The ship which brought stamps and stamped paper to Wilmington in 1766 was not permitted to land, and the stampmaster was compelled by the people to take an oath that he would not exercise the functions of his office.
There are postage stamps of four values.
The brick-stamps found begin in the Flavian and end with the Hadrianic period.
German stamps were introduced from Berlin; the occupied towns were garrisoned by the Landwehr; and requisitions on a large scale were demanded, and paid for in cheques which, at the close of the war, were to be honoured by whichever side should stand in the unpleasant position of the conquered.
Characteristic of the Rand is the fine white dust arising from the crushing of the ore, and, close to the batteries, the incessant din caused by the stamps employed in that operation.
In 18 99, 57 62 stamps were in operation, crushing 7,331,446 tons of ore, and yielding £15,134,000, equivalent to 25.5% of the world's production.
In the mills of the Californian type the stamp is a cylindrical iron pestle faced with a chilled cast iron shoe, removable so that it can be renewed when necessary, attached to a round iron rod or lifter, the whole weighing from 600 to 900 lb; stamps weighing 1320 lb are in use in the Transvaal.
The stamps are usually arranged in batteries of five; the order of working is usually I, 4, 2, 5, 3, but other arrangements, e.g.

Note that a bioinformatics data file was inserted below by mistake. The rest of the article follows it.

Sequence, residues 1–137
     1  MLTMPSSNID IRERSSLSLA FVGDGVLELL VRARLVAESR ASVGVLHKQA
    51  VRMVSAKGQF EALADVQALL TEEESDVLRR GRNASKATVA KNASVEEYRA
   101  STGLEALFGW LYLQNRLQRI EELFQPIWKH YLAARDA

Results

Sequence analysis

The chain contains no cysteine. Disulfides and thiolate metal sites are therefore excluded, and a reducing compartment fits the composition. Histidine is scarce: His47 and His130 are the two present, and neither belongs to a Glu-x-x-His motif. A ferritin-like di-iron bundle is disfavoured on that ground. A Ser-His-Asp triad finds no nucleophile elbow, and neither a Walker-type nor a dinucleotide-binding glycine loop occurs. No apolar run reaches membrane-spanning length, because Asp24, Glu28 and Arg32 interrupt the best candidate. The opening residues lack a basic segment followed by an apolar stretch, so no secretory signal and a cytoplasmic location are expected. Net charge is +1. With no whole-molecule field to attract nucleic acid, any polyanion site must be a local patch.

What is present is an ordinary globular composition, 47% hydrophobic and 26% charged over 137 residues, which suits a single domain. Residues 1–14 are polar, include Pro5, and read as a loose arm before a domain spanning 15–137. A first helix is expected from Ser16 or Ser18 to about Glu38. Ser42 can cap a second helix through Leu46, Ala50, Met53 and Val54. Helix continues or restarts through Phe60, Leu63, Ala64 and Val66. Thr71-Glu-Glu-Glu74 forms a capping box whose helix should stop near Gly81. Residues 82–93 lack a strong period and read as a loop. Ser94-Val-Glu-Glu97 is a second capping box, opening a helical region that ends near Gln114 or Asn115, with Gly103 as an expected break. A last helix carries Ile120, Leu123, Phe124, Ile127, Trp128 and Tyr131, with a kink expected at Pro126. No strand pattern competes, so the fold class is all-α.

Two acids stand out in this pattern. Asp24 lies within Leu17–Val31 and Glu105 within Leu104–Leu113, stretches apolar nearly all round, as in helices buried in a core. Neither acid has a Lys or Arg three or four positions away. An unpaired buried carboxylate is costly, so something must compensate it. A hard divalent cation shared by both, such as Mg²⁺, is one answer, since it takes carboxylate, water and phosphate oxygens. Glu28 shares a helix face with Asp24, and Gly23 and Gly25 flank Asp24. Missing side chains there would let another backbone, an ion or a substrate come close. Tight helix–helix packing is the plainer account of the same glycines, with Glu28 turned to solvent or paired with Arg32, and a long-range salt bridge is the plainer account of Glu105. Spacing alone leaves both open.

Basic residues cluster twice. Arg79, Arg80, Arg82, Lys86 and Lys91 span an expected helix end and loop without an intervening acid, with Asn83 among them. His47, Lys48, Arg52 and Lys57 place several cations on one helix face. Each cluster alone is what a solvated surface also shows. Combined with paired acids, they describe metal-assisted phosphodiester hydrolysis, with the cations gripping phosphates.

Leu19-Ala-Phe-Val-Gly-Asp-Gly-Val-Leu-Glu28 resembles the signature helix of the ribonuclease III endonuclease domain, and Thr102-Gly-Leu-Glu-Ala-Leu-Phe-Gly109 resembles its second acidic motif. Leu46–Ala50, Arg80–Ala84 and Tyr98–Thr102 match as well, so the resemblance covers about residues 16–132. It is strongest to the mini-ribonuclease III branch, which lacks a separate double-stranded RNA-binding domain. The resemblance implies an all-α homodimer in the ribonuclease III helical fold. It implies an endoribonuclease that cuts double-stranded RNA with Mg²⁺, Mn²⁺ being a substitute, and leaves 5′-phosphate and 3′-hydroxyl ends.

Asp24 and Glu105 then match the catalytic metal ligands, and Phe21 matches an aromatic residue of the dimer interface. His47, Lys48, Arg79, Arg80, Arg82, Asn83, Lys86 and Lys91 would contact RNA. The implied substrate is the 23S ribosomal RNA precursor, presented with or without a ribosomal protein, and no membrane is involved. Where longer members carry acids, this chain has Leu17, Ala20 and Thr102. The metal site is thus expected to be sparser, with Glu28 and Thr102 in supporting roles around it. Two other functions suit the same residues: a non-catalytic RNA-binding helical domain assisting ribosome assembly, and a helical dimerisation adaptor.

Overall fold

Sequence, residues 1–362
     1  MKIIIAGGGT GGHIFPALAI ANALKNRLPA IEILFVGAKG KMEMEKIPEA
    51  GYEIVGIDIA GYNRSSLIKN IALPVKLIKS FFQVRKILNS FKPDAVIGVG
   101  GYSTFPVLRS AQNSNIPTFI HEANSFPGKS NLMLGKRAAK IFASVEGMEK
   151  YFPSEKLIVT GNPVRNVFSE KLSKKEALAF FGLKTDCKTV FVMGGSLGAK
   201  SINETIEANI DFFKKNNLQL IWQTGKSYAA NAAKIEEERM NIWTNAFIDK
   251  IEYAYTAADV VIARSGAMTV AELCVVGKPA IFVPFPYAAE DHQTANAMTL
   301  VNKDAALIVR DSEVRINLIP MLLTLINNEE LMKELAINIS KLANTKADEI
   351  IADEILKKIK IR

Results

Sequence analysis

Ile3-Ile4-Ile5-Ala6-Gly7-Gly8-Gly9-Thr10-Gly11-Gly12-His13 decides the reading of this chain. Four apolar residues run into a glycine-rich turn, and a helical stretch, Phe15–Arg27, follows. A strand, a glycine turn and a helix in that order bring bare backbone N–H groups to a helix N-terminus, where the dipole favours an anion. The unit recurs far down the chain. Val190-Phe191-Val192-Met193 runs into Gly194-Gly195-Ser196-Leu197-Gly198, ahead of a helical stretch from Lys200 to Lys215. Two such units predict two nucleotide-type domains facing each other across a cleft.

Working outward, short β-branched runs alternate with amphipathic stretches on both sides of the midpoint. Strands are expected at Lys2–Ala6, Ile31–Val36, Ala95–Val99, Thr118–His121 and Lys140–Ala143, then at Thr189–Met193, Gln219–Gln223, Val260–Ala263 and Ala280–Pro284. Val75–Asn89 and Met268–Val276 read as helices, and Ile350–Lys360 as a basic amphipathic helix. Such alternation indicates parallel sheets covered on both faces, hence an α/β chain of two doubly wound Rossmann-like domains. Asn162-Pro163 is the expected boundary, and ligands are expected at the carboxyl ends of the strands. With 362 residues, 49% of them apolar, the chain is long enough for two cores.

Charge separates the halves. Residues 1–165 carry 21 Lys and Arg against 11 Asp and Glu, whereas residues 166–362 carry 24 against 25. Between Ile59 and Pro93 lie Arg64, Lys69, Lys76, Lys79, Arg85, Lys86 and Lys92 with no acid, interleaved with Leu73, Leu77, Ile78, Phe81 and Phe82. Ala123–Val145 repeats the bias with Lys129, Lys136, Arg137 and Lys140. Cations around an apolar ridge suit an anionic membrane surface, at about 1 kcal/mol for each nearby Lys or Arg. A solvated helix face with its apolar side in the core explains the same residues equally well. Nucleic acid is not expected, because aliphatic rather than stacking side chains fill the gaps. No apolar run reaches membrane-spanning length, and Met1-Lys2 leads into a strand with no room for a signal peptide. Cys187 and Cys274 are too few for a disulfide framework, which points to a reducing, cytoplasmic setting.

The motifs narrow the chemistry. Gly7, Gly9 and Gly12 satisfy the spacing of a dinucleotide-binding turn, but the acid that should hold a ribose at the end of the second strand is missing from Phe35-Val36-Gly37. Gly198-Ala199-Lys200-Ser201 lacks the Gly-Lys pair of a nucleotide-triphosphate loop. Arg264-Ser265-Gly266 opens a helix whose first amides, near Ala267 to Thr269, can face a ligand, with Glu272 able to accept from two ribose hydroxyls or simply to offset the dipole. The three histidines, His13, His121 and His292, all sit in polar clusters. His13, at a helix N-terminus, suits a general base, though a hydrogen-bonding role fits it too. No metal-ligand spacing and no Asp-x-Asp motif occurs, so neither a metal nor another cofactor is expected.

This peculiar character alone stamps it as a distinguished fur, in addition to which it has the excellent advantage of being the most durable fur for carriage aprons, as well as the richest in colour.
A land revenue is derived from the sale of government lands, from quit rents and fees of transfer, &c. Judicial fees bring in a small amount, and the issue and sale of postage and revenue stamps have proved a fruitful source of income.
Facing the Mall on the south is the home of the Bureau of Engraving and Printing, in which the United States paper money and postage stamps are made.
All tithes have been abolished, except those on cereals, carobs, silk cocoons, and, in the form of to% ad valorem export duties, those on cotton, linseed, aniseed and raisins (all other export duties and a fishing tax have been abolished); (4) sheep, goat, and pig tax; (5) an excise on wine, spirits and tobacco; (6) import duties; (7) stamps, court fees, royalties, licenses, &c.; (8) salt monopoly.
The chief sources of revenue were customs duties, taxes on land and industries, duties on tobacco and breadstuffs, the Lisbon octroi, receipts from national property, registration and stamps, &c. The heaviest expenditure (nearly £ 5,000,000) was incurred for the service of the consolidated debt; payments for the civil list, cortes, pensions, &c., amounted to more than £2,000,000, and the cost of public works to nearly as large a sum.